Stream Watchers: Shallow rocky streams are also intriguing – especially for more active kids that like to climb on rocks or logs, launch sticks and watch them float down stream, and look for fish, frogs, stream insects and snails. Avoid fast moving or deep streams that can be hazardous. Remember to put any animals back where you found them as that is their home.
Stream exploring, hoto by U.S. Fish and Wildlife Service
Kids are great at finding toads and frogs. Remember to let them go where you found them, photo by State Parks
Young Scientists: If your child has a deep interest in nature, they might like keeping a nature notebook like a real scientist. This boy was learning about logs in a program at Clay Pit Ponds State Park Preserve. How big is the log, were there holes, is there moss ora mushroom on it; did you see any insects or other animals on or inside it? Or collect some leaves – how many kinds can you find? Or draw pictures of the different insects and caterpillars one finds in the garden of meadow.
“LogLog” Program at Clay Pit Ponds State Park Preserve, photo by State Parks
Red efts are common along wooded trails, photo by Mike Adamovic for State Parks
Bird and butterfly watching: This takes a bit more patience, waiting and watching, to see birds, butterflies or even dragonflies! But it is amazing what you can see when you take the time to watch. This activity is good for older kids as it takes some skill to focus the binoculars. Younger kids can practice using binoculars made from cardboard tubes. If you are new to this, look for guided programs aimed at young people or families.
Get the Bug: Get a little butterfly net and see what you can find. This can be a good prop for kids who get bored with walks or just looking at stuff. Swinging a net, whether or not it catches anything, can be fun. Best to learn what bees and wasps look like first though, and to aim for the butterflies and moths instead. Look for fun pollinator activities at parks near you- these activities are for kids of all ages.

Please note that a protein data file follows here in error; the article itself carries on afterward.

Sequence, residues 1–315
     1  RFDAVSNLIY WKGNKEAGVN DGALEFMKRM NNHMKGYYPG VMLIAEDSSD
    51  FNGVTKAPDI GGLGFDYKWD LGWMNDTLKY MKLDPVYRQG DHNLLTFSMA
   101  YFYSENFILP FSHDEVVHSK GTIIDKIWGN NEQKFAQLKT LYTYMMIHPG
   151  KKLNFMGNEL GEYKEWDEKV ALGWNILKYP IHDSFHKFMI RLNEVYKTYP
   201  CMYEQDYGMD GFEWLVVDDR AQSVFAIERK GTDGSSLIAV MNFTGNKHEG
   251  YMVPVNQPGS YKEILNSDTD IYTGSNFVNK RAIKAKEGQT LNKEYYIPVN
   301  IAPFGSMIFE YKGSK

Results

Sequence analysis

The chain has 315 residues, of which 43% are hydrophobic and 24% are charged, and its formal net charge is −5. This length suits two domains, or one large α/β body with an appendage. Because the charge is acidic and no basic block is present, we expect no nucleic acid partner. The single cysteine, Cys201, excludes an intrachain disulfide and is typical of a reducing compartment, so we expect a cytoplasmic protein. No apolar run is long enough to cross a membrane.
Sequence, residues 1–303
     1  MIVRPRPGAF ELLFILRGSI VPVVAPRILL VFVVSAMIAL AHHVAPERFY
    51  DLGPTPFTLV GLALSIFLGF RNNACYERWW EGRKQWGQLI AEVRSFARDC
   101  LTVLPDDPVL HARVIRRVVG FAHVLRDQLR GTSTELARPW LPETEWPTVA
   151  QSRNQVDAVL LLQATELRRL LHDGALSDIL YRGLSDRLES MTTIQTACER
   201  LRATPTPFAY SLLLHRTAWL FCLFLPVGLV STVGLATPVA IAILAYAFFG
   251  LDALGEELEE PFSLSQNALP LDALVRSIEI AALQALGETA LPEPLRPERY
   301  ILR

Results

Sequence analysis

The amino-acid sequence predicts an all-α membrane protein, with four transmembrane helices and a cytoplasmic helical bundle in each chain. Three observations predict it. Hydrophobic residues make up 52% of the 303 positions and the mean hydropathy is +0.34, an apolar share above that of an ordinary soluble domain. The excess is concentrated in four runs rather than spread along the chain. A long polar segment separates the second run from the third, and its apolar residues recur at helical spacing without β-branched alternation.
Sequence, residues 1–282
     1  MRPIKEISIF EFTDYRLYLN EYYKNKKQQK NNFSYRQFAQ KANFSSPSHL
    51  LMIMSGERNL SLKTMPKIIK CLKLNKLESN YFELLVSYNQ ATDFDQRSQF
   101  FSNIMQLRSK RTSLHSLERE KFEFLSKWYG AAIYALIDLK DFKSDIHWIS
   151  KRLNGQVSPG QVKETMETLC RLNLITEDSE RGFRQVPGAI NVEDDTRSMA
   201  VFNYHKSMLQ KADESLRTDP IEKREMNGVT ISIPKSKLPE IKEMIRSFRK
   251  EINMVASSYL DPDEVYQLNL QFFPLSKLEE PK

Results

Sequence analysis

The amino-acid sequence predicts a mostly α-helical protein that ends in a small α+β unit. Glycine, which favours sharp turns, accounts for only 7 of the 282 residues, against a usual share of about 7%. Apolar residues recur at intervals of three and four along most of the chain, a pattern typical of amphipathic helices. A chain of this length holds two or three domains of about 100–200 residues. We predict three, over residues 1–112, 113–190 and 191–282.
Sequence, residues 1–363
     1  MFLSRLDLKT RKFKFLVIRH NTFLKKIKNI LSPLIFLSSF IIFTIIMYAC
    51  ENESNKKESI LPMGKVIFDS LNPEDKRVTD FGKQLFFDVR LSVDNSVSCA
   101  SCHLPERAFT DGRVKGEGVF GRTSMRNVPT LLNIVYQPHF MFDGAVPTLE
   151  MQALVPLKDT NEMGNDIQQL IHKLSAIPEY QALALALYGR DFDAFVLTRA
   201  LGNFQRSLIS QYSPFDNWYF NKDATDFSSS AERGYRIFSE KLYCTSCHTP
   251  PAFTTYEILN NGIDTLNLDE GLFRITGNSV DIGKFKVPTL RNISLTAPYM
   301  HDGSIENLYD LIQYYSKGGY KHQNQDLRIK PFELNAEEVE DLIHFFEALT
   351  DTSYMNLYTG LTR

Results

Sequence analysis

Looking for pollinators at Clay Pit Ponds State Park Preserve, photo by Emily Becker, State Parks
Sulphur butterflies (like this one) and cabbage whites are very common, photo by Matt Schlesinger, NYNHP
Bike Riding: Bike riding in parks is great way to see and hear nature. You would be surprised at how much one is learning even when not specifically focused on looking at the trees, the birds or the bugs. Animals will dart across the trail or scurry away as you get closer, birds will be singing, and you will pass by hundreds of different species of plants (trees, wildflowers, ferns), increasing your awareness of the diversity of the natural world. Having a physical activity and a sense of accomplishment from a bike ride or a hike can help sustain interest in getting outdoors. Check out trail maps on parks’ websites and remember your helmets!
What to do when you don’t know the answers?
What is it? Kids will ask but they don’t expect you to always have an answer. Feel free to say you don’t know, but take the time to look a little closer to explore together. “Hmmm, it is some kind of animal – see how it hops. It is very tiny. Can you see its eyes?” or “What a nice flower. Do you think the bees like it? Let’s watch to see if any bees or butterflies or other insects come to the flowers to feed. They like the sweet nectar.” A tip from educators: don’t reply with “it’s just a bug” or “just a flower”because everything is novel and interesting.
What is it doing? See if they can come up with an idea of what the animal is doing. Are they swimming, jumping, sunning, sleeping, searching for food, talking (in animal language), fighting, or running away. Why are they running away? Why do they burrow in the sand? If you don’t know, children often come up with pretty good ideas about what is going on if you encourage them to take the time to watch.
State Parks offer ideal places to bring children – the trails, interpretive signs, and beaches are ideal spots for kids to explore the nature world. We hope to see you there!
Recommended Guide Books – check your library, bookstore or online distributor:
Peterson First Guides: A series of small, inexpensive books on insects, wildflowers, mammals, caterpillars, seashores, birds, and other topics. Highly recommended for young and old as an introduction and guide to more common plants and animals one might encounter.
Backyard Birds (Field Guides for Young Naturalists) by Karen Stray Nolting, Jonathon Latimer and Roger Tory Peterson 1999.
The Secret Lives of Backyard Bugs by Judy Burris and Wayne Richards 2011.
The Bumper Book of Nature: A User’s Guide to the Great Outdoors by Stephen Moss 2010.
The Tree Book for Kids and Their Grown-ups by Gina Ingolgia 2013. Published by Brooklyn Botanic Garden and full of questions and answers about trees in both city and countryside.
Post by Julie Lundgren, NY Natural Heritage Program. The author grew up exploring the back yard and woods and has spent a lifetime working as an environmental educator and ecologist.